A pregnancy book we bought ahead of the birth of our first child begins with the heartwarming ancient indian proverb: "At every birth, two people are born - a baby and a mother."
As we enter seven or eight months of closely monitoring the Duchess of Cambridge's progress with her pregnancy, how her morning sickness is going, how many week's she's 'gone', how she looks, whether she'll have a natural birth and whether she's too posh to push, we should remember one vital thing: This pregnancy is happening to a father too.
We like to think all fathers are modern dads these days. Hordes of men, we're told, amble through parks with Baby Björns strapped to their chests, dutifully getting up in the night to bottle feed baby, and row-row-rowing the boat gently down the stream at playgroups the length and breadth of the country.
Except, where are all these guys? I call it the new fatherhood myth.
In the eyes of the media, in maternity services and for most of the British public too, pregnancy and birth are still something that happens to the mother. Men are bystanders, the bit players who deliver the sperm and blush with pride when his wife delivers the baby.
At an antenatal appointment with my wife, the nurse wordlessly pulled a curtain in front of me so that she could take her trousers down for an examination.
At antenatal classes, everything was aimed at the woman. The only comments reserved for the lads were to know where our car keys were at all times, and that we might need to cook for ourselves from time to time.
During labour of both of my children, I wasn't spoken to once by a midwife. I wasn't consulted (despite my wife being away with the fairies on remifentinil) when there were some complications with the delivery. After the birth of our kids, I was sent home because 'visiting time' was over.
This was 2008 and 2010, not decades ago. And by the way, midwives, my name is not 'Dad'.
The most recent strategic plan for the Royal College of Midwives makes clear just how much of a priority fathers are for their profession: "We hope that whether you are a researcher, a midwife, a student, or a woman using maternity services, that you embrace the challenge contained in this document."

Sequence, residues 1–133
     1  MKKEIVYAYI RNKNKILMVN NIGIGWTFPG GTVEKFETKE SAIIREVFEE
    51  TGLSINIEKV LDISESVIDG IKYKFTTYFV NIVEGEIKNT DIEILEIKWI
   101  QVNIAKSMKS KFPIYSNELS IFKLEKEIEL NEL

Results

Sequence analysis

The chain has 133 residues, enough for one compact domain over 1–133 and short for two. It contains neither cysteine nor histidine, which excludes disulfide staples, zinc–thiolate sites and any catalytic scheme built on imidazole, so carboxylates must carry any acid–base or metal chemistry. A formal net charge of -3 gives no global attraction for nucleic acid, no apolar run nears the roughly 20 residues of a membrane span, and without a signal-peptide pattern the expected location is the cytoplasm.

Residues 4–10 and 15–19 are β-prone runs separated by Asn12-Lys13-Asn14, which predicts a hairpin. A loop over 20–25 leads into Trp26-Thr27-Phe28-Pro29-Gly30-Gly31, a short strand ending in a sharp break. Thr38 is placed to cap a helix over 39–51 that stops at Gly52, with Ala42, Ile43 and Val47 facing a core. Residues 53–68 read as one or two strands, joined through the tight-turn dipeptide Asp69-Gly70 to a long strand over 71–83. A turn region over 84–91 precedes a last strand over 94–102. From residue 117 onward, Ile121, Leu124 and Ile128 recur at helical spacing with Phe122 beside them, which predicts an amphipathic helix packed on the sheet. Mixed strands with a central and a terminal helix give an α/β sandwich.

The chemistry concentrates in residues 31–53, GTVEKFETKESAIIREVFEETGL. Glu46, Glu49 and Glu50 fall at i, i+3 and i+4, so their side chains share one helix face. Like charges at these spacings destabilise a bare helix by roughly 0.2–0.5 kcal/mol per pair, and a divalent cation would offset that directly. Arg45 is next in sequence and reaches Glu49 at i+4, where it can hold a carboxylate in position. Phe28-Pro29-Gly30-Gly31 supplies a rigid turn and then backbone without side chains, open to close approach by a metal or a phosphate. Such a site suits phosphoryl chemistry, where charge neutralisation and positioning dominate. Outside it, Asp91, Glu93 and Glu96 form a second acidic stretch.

In other words, fathers aren't important at all.
Where half-hearted attempts are made to engage men with pregnancy and birth, it's made very clear that those efforts are to benefit the mother and her baby, not to benefit fathers in their own right.
That men might have our own needs in the pre- , during and post-birth experience is not even considered. And if our opinions differ to those of our female partners? Forget it.
With such an attitude to men's role when it comes to babies, it's no wonder men excuse themselves so early on, only too happy to return to work after taking our two week's paternity leave. In fact, just under a third of men don't even take that.
This subtle separation at birth soon grows into a far wider gulf, leading to the mother as primary childcare and the father as breadwinner (even if both parents had earned the same before baby came along). It also leads to the huge pay gap between professional mothers and fathers, as well as reduced opportunities for promotion and responsibility for women with children, that men with children simply don't face.
It's time to turn this attitude to men in pregnancy and birth on it's head.
If we're really to make the new fatherhood myth a reality, then media, maternity services, women and men's own attitudes to our role with babies needs a radical overhaul.
While we're wondering very publicly over whether Kate will have a c-section, or breastfeed or take maternity leave, we should subject William to just as much scrutiny: Will he attend every antenatal appointment? Will he go to every antenatal class? Will he demand to stay overnight in the labour ward? Will he take his statutory two weeks paternity leave?
Most significantly - since the law now allows it - will he and Kate split equally the 26 weeks of parental leave they have to share? Will Kate go back to her work of being the future Queen, letting the future King stay at home with the baby? At least William and Kate can't claim - like most men do - that they can't afford to equally-split their parental leave entitlement.
There's very clear evidence that active involvement of fathers with their babies, right from the very earliest hours of their birth, makes a positive difference to the baby's future, the mother's health and wellbeing, and yes, the father's own wellbeing and life-satisfaction too.
The pregnancy and birth of the new royal baby offers a great opportunity to demonstrate to men and women the potential for parental equality and really involved fatherhood. Fathers need showing that men are just as capable as women when it comes to babycare.
And role models don't come much bigger than the future King.
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